Opengela started in May 2019 to produce a model of replicable local offices which serve neighbourhoods during their urban regeneration processes, and more specifically, with the refurbishment of their buildings. Now, having crossed the halfway mark of the project, the offices in the two pilot neighbourhoods are up and running, works are beginning to take place on local buildings and several Basque municipalities have taken note of the initiative and have expressed their interest in replicating the model.
The project, funded by the European Commission’s Horizon 2020 programme, has focused on two pilots in the neighbourhoods of Otxarkoaga (Bilbao) and Txonta (Eibar). Opengela is expected to last three years and to be replicated in other municipalities within the Basque Country. Durango and Lasarte, in particular, have already shown interest, as have Vitoria-Gasteiz, San Sebastián and Pasaia. Subsequently, the Opengela model can be used amongst the rest of the Basque Country and scaled to the European level.
The urban, sustainable, and social dimension
The ultimate goal of the programme is to promote deep renovations, greater energy efficiency, improved accessibility, and the incorporation of fire protection and safety systems in the oldest or most needy neighbourhoods in the Basque Country, thereby reversing the conditions which can lead to urban vulnerability.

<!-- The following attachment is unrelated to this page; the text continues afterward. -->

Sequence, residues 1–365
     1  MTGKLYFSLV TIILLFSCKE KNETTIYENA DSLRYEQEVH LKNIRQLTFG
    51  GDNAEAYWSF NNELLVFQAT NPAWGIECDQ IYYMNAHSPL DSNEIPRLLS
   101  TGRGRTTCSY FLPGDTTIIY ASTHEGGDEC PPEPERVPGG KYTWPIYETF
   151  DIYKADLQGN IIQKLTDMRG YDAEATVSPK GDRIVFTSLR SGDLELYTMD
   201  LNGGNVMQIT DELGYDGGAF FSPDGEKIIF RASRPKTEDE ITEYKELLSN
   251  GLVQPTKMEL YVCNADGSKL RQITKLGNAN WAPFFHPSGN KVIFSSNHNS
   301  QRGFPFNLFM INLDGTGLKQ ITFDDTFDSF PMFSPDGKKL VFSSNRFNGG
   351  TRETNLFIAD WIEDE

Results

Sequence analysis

This project takes the social dimension into special consideration. «The focus is on people and neighbourhoods, making them part of the process», explains Ignacio de la Puerta, Director of Territorial Planning and Urban Agenda of the Basque Government’s Department of Territorial Planning, Housing and Transport, who is leading the project.
The launch of Opengela coincides with a crucial moment in which the Renovation Wave Strategy is being promoted by the European Union. «The current moment», emphasises De la Puerta, «is (an ideal time to) take advantage of the opportunity and put building renovation projects and comprehensive urban regeneration of neighbourhoods on the country’s list of priorities through specific projects. This will not only help us to invest today in a green, digital and fair recovery, but will also prepare us for the demands that – by European mandate – are just around the corner.”
In addition to the Department of Territorial Planning, Housing and Transport of the Basque Government, this project is an example of public-private collaboration, as it includes eight other partners: the local urban development companies of the two municipalities (Viviendas Municipales de Bilbao and the Gipuzkoa-based Debegesa), the Basque Energy Agency (EVE), a company specialising in financing (GNE Finance), one in European affairs (Zabala), another in communication (Gabineteseis), and two European organisations based in Brussels, namely the Federation of Energy and Environment Agencies and Regions (Fedarene) and the European Federation of Public, Cooperative and Social Housing (Housing Europe).
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